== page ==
By KRISHAN PARTAP SINGH
Published: August 25, 2013
NEW DELHI — As India heads into an election year, the Congress Party-led government is on its last legs. After two terms in power, it is enmeshed in corruption scandals and an unshakeable perception of poor governance. Meanwhile, the Bharatiya Janata Party, India’s main opposition party, which should be taking advantage of the government’s dire condition, is faltering.
Following successive election defeats, and a political environment primed for a change, the B.J.P. faces a choice: move toward the political center or cling to ideological purity and lurch rightward in an attempt at a divide and conquer strategy. All signs point to a rightward shift.
The B.J.P.’s embrace of the far right is embodied by the rise of Gujarat state’s chief minister, Narendra Modi, a controversial figure who represents an uncompromising strand of his party’s Hindu-nationalist ideology. Should the B.J.P. choose Modi as its standard-bearer for the general election — a real possibility given his increasing popularity — Modi’s polarizing style would likely scare away prospective coalition partners and lead to an unstable government dominated by small, regional parties.
Most troubling, Modi’s Hindu-nationalism is likely to lead to a deepening of sectarian divisions, India being home to the world’s second-largest Muslim population. His questionable conduct during the 2002 riots in Gujarat that left more than 1,000 people dead, mostly Muslims, has shadowed his ascent to the national stage. He is accused at the very least of doing nothing while Gujarat burned, and at worst of having helped to orchestrate the violence.
In a recent interview with Reuters, Modi did not help his cause when asked about the riots. He answered by saying his feelings of pain for the tragedy were similar to how he’d feel if a puppy had been run over by a car in which he was merely a passenger.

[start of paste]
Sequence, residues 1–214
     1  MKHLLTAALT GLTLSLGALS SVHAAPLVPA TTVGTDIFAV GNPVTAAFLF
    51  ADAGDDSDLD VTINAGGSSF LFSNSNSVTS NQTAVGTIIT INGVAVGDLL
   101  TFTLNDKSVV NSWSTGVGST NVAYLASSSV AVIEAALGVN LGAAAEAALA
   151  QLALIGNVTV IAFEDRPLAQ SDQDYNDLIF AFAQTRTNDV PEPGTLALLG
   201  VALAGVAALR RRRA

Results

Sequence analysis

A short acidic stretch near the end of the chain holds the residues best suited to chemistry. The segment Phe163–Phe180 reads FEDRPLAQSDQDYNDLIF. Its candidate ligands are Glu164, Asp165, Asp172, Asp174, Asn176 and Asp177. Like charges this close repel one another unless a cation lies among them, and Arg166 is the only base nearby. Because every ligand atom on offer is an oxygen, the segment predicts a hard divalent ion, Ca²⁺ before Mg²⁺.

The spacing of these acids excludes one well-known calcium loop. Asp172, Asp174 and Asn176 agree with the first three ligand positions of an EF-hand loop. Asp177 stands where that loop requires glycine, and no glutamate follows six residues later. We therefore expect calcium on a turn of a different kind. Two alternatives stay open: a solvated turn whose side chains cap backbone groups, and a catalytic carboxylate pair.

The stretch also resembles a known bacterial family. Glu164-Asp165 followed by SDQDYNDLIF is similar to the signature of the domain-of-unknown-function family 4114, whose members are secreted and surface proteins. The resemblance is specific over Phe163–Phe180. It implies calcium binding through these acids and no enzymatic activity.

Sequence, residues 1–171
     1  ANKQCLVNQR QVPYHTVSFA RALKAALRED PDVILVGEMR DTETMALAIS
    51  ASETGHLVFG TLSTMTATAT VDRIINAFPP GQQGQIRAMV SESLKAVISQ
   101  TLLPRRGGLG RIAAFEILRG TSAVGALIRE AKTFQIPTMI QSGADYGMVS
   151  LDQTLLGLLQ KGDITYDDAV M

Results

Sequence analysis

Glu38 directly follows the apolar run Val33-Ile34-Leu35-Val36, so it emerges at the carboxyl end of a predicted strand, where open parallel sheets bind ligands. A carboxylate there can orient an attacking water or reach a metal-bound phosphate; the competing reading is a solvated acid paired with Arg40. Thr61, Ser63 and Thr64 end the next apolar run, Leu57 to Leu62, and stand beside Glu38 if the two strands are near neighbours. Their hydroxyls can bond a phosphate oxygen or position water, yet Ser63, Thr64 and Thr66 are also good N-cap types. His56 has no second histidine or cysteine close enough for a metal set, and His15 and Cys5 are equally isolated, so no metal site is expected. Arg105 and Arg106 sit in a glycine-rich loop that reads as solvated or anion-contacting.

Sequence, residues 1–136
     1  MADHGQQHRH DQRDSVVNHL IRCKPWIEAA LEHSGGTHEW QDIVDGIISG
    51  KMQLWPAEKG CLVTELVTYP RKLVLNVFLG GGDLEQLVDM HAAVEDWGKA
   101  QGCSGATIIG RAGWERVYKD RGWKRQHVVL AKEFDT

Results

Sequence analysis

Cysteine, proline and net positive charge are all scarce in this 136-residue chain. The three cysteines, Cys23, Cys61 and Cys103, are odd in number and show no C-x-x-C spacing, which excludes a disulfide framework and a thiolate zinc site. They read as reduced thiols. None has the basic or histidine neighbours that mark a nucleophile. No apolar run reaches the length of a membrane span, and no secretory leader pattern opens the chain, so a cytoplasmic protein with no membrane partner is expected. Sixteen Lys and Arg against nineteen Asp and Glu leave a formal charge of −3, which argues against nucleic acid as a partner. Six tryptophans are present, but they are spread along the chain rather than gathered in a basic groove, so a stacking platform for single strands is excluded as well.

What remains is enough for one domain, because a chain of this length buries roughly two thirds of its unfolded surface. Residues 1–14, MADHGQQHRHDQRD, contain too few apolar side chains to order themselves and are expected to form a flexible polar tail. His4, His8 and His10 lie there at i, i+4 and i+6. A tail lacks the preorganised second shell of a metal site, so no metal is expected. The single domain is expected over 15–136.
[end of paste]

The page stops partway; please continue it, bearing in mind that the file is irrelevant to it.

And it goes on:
As a consequence of the riots, Modi suffers the indignity of a U.S. visa ban, in effect since 2005, and he remains a target of human rights groups the world over. He also faces the specter of investigations into the extrajudicial killings of suspected terrorists by the police in Gujarat, which could implicate his closest aides, and perhaps even Modi himself, in the coming weeks.
For all his talents he has few allies outside his party, a handicap in an era of coalition governments. The B.J.P. should now be welcoming more partners into its fold. Instead, in June it lost its largest ally, Janata Dal (United), in the large swing state of Bihar, a breakup catalyzed by Modi’s ascension.
Still, most B.J.P. members — and increasing numbers of voters — seem convinced that Modi, with his larger-than-life persona and unquestioned religious pedigree, is their long awaited Hindu Hriday Samrat — the ruler of Hindu hearts.
The son of a tea-stall owner, Modi, 62, has spent most of his life in politics, joining the right-wing Hindu-nationalist Sangh Parivar organization early on and rising through its ranks by displaying impressive organizing abilities. He moved to the B.J.P. in 1987 and was appointed chief minister of Gujarat as a midterm replacement in 2001 without ever having fought an election.
In the decade since, Modi has won three straight state elections and engineered remarkable economic growth for his province — some even go as far as describing it as the Guangdong of India. His focus on pro-investment policies, cutting red tape, extensive infrastructure development, while using his personal charm to woo foreign and domestic investment, has been a marked contrast to most other state governments.